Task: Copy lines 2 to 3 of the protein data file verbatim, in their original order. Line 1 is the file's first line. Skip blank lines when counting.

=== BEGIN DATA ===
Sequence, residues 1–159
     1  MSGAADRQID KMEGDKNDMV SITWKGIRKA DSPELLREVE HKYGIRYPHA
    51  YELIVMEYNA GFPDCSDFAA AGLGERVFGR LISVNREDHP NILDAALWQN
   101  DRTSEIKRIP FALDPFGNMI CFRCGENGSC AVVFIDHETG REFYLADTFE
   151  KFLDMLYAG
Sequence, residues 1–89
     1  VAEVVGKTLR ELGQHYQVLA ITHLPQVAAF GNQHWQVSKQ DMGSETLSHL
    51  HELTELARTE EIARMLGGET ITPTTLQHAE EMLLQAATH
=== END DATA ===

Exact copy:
     1  MSGAADRQID KMEGDKNDMV SITWKGIRKA DSPELLREVE HKYGIRYPHA
    51  YELIVMEYNA GFPDCSDFAA AGLGERVFGR LISVNREDHP NILDAALWQN